Battle of Gaza

After occupying El Arish in Sinai in December 1916, the ANZAC mounted division led British forces up to the Palestine border. With his forces needed elsewhere, General Archibald Murray, Commander in Chief of the British Forces in the Middle East, postponed making further advances.

General Friedrich Kressenstein, commander of the Turkish Expeditionary Force, occupied the coastal fortress of Gaza, blocking the main route into Palestine. General Murray was determined to take Gaza and sent General Dobell, commander of the Eastern Forces, in March 1917. Kressenstein had 18,000 men but was outnumbered 2 to 1 by Dobell's forces.

General Dobell massed the main bulk of his men 8km from Gaza. Undetected in a dense sea fog, Dobell's cavalry was able to cut off the town's rear on the 26th March. The main infantry attack that followed was less successful. A Turkish counterattack and water shortages forced Dobell to order his men to retreat. General Dobell lost 4,000 men against about 2,400 Turkish and German casualties. Dobell estimated that the Turks lost three times that number and at the time the battle was reported as a British victory.

In June 1917, General Edmund Allenby was transferred from the command of the Third Army in France to become commander of the British Forces in Palestine. Lieutenant-General Harry Chauvel was given command of the Desert Mounted Troops and the infantry divisions were allotted to Lieutenant-General Philip Chetwode (XX Corps) and Major General Edward Bulfin (XXI Corps).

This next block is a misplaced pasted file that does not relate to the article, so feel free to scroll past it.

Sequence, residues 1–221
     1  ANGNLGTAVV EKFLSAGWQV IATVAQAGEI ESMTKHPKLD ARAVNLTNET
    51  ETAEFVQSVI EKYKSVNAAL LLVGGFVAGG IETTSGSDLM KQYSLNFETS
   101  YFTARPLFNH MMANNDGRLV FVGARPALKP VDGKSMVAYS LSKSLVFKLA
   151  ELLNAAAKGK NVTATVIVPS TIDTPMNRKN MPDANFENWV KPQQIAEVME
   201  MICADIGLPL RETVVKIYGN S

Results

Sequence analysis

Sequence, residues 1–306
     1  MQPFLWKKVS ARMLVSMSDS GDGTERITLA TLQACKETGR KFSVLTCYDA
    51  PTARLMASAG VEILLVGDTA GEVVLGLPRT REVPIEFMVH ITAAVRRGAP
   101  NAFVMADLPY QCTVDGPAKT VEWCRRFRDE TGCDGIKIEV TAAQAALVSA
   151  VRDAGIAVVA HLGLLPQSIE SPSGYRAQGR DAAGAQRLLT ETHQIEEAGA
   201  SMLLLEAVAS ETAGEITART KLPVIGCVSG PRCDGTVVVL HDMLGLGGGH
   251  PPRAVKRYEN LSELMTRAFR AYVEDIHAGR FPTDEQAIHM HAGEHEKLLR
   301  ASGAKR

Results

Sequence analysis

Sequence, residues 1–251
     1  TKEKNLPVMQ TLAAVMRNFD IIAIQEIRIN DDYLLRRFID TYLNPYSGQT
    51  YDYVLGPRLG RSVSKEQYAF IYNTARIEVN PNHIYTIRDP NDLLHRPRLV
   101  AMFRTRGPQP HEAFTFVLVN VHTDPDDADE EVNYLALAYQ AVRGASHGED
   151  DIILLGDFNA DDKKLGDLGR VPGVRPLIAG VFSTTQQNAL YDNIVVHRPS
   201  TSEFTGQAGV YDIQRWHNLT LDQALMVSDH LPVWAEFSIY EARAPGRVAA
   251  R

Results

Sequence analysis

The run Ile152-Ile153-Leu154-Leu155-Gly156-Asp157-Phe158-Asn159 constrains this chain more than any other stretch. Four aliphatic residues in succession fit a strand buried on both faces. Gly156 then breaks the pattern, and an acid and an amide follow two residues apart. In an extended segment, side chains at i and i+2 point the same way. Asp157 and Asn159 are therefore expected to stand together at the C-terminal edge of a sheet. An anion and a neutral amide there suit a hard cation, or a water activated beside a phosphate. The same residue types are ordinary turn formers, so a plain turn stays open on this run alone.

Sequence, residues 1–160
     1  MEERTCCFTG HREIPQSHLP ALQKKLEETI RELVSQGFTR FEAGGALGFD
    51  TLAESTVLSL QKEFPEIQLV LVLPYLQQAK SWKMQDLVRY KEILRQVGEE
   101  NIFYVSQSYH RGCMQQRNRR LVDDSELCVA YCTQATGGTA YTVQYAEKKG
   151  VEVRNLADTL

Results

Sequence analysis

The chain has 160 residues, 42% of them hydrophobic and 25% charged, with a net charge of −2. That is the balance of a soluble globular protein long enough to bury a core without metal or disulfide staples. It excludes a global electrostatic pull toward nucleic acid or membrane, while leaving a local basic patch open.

The British plan was for a preliminary operation against Beersheba to enable them to take the higher ground. Once established at Beersheba the forces would be deployed to roll-up the Turkish flank. Chetwode and XX Corps and the Desert Mounted Corps formed the main striking force, whereas Bulfin and XXI Corps would make the attack on Gaza itself.

On the night of 30th October, over 40,000 Australian and British troops moved into position for the attack on Beersheba. It was hoped that the diversionary attack would encourage the Turks to reinforce their right at expense of their left and make it easier for the XX Corps. Gaza was also bombarded by French and British ships offshore.

The first phase of the assault on Beersheba began early on 31st October. By late afternoon the Allied forces had driven the Turks back into Gaza. At 4.30 pm Brigadier Grant led two cavalry regiments against the eastern defences of the town. Although faced with Turkish machine-guns, the cavalry managed to gallop into Beersheba. The Turks were captured before their plans to destroy the wells and evacuate the town could take place.

The main attack against the Turkish left took place on 6th November. Although the Turkish trenches ran for eight miles all Allied objectives were taken by mid-afternoon. That evening the Turks began to retreat. When XXI arrived on the morning of 7th November, Gaza had been abandoned.

General Allenby's victory at Gaza had unlocked the defences of the Turks. In the weeks that followed, the Turks retreated 75 miles and on 9th December the allied forces took Jerusalem. Although a clear victory, between October and December, 1917, the British and Empire forces lost 19,702 men during the campaign in the Middle East.

The Battle of Gaza
The Battle of Gaza

Primary Sources

(1) Derby Evening Telegraph (1939)

Arsenal have a big problem. Spending £14,000 on Bryn Jones has not brought the needed thrust into the attack. The little Welsh inside-left is clearly suffering from too much publicity, and is obviously worried. He is a nippy and quite useful inside-left, but his limitations are marked.